I was slow to visit Crab in a Bag for this column because its location at 1641 Union Ave. seemed cursed to me. I’ve seen at least 10 different restaurants in that location over the years, including Blue Marlin, El Chiquilin, Baja Fish Shack, Jumpin’ Joe’s Fish Shack, La Lena Mexican Restaurant, Cenaduria La Dona and probably more. Some I visited then wrote a column but the place closed before the review could run.
Crab in a Bag has staying power. It offers that same seafood in a bag casual Louisiana dining style that a few other restaurants in Bakersfield also specialize in, but with really reasonable prices in a humble setting near the intersection of Union and Truxtun avenues. I understand why some people, particularly if you have a family, are so passionate about it. And they had out bibs and plastic disposable gloves, which are necessary even if you get the shrimp peeled, which we did. Less work, but still messy. This is not a restaurant for the dainty or prissy. Don’t wear your Sunday best clothes here.
We ordered a bag of peeled shrimp ($22.99), a half-dozen Buffalo wings ($6.99), a couple half-loafs of French bread ($3), a glass of chardonnay ($3.50) and a couple 805s ($4.50 each), with my brother-in-law Jeff, who had never consumed food this way. It does make you feel like a savage, or at least someone sitting around a picnic table on the Bayou after a long day of work where the conversation is as nourishing as the fare.
Though I thought the shrimp were not as fresh as I expected (had that tell-tale bleachy taste that shrimp going south sometimes have) the sauce rescued the shellfish. We chose garlic butter, and that worked well with the red potatoes and corn inside, as well as the sausage link chunks. The bread is a must-order to soak up the great sauce. The chicken wings were thick and meaty and very spicy, a bit off-putting to my companion.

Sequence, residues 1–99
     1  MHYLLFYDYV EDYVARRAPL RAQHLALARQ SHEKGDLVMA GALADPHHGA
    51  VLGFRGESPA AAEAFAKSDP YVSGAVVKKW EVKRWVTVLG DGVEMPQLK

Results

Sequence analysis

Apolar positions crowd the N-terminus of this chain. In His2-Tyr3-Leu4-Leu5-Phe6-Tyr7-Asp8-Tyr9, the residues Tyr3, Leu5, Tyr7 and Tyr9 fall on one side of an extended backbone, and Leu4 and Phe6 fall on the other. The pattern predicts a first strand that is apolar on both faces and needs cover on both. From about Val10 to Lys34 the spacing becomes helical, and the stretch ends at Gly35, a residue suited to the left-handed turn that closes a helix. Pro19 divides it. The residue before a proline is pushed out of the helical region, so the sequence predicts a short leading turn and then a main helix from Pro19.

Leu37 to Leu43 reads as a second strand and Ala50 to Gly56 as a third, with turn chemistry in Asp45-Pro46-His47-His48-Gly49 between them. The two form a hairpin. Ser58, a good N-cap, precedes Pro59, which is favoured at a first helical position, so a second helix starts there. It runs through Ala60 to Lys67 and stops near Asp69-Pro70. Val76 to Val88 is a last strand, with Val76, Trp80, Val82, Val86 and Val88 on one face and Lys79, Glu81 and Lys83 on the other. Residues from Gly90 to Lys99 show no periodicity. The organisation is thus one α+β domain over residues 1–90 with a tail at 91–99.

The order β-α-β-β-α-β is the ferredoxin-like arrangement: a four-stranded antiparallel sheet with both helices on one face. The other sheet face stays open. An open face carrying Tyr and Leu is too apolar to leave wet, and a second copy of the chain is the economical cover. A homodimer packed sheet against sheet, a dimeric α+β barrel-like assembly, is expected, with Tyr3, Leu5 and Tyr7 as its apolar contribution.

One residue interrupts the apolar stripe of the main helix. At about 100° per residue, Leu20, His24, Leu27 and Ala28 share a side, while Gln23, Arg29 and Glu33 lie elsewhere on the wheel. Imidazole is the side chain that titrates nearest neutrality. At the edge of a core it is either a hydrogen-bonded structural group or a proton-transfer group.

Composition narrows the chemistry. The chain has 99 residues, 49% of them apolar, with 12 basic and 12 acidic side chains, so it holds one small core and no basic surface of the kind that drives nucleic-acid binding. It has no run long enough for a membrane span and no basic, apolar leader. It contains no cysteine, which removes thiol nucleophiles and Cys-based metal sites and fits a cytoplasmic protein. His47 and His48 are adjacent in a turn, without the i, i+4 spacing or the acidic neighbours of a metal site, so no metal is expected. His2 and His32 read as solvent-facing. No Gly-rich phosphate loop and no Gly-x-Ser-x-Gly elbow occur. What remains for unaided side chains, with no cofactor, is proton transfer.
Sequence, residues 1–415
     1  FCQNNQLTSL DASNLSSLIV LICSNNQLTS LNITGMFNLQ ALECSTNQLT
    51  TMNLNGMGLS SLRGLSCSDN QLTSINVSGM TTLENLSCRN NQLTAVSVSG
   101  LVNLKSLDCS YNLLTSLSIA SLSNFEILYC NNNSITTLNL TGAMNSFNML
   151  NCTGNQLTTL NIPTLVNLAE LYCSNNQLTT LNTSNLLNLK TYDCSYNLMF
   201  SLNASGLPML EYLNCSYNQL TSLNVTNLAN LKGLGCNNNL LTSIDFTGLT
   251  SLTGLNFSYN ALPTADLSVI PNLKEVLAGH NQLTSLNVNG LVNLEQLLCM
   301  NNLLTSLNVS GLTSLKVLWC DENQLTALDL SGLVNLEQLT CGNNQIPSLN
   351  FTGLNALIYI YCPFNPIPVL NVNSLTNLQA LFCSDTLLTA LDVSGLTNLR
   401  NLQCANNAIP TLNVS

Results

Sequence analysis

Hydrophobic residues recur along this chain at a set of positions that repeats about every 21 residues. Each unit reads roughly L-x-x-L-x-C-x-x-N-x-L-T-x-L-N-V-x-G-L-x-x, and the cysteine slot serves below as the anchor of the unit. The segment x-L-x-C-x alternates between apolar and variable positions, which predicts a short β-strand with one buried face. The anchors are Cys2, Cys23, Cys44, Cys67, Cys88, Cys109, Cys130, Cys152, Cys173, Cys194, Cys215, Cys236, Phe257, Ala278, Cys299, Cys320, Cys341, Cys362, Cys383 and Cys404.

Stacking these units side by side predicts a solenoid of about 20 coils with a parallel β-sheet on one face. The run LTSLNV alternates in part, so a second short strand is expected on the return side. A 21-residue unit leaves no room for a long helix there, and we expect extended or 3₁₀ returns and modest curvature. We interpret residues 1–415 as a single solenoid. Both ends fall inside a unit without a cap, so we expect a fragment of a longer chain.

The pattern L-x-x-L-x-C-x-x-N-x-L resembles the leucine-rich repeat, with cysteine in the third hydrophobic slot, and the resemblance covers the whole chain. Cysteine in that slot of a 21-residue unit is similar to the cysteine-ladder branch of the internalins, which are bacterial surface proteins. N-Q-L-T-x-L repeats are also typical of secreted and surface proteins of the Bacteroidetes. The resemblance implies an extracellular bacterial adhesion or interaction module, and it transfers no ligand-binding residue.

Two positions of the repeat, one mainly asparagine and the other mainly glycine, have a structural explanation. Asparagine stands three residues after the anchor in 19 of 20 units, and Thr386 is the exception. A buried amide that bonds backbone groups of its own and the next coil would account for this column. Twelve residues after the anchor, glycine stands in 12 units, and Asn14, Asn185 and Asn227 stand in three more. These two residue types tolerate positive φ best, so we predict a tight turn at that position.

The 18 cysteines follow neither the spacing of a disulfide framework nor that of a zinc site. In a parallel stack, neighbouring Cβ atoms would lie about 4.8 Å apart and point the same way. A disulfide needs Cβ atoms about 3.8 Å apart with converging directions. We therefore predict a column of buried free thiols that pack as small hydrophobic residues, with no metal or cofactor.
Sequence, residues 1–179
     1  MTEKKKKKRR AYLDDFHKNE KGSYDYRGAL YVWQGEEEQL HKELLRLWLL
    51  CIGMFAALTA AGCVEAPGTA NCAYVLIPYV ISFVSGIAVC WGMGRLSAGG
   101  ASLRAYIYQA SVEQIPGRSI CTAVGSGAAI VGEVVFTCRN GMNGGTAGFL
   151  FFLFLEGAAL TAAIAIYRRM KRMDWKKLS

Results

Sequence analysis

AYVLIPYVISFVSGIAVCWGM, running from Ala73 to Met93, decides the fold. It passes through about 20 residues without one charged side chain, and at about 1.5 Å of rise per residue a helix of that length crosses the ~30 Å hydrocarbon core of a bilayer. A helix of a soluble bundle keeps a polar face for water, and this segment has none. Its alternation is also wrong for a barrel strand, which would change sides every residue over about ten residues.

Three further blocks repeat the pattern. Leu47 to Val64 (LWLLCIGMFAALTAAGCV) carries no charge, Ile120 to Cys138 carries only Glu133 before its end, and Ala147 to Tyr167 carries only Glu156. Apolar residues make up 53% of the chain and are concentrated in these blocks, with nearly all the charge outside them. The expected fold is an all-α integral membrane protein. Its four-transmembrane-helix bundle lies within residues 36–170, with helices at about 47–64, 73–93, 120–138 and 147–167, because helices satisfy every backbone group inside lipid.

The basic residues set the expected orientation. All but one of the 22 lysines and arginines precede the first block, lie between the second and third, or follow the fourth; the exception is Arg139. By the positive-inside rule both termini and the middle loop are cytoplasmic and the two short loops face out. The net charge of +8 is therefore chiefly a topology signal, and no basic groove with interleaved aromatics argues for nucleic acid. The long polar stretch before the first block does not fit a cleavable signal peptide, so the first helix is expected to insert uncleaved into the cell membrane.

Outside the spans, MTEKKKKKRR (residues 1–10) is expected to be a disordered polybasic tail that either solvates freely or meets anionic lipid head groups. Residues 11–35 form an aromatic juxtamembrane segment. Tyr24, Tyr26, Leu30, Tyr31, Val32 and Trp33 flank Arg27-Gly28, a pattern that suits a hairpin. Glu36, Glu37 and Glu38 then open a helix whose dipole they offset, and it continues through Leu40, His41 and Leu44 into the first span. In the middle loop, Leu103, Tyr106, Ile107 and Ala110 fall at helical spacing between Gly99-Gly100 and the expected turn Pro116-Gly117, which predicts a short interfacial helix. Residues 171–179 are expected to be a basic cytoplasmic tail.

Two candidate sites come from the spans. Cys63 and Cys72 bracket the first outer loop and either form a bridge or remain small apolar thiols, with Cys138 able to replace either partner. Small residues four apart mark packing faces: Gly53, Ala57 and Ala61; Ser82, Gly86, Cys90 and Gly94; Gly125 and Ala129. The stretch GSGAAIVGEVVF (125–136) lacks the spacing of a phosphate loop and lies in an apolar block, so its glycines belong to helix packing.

There are no plates or trays, just a white sheet of paper on each table that the staff expects you to mess up in the process. It’s a clean, functional place with a small dining room, and we saw a lot of customers loving the crab, available in snow or king, as well as crawfish, clams and mussels. The big draw for large parties is the specials packages, ranging from $54.99 to $84.99, featuring up to three pounds of shrimp, crawfish, clams or mussels, with sausage, corn, potatoes and white rice. If your children are the picky sort, they do have chicken fingers and fries ($6.99). Readers have also praised the fried shrimp and fish and chips but they weren’t on the menu board when I visited. Might be worth asking about, as they’re listed on the website (shrimp $14.99, cod $13.99 and catfish $11.99). The clam chowder ($4.99) is quite special for our city — might even pass muster in Pismo. That’s high praise.
I thought I was being smart by grabbing the plastic disposable gloves, but I realized that hands are easy to clean afterward and for the sake of social table sanitation, used a fork to pull food items out of the bag and set it on the paper on the table before consuming it. It was all good. But do heed my warning on buying the bread to soak up whatever sauce you choose with the seafood. It’s too good to go to waste.
If you don’t want to go the butter garlic road on the sauce for your bag of food, they have Cajun naked (think rub) and three spice levels of regular Cajun: mild, medium and hot.
Just don’t wear your good clothes. You might regret that even with the bib and gloves.
Pete Tittl’s Dining Out column appears here on Sundays. Email him at email@example.com.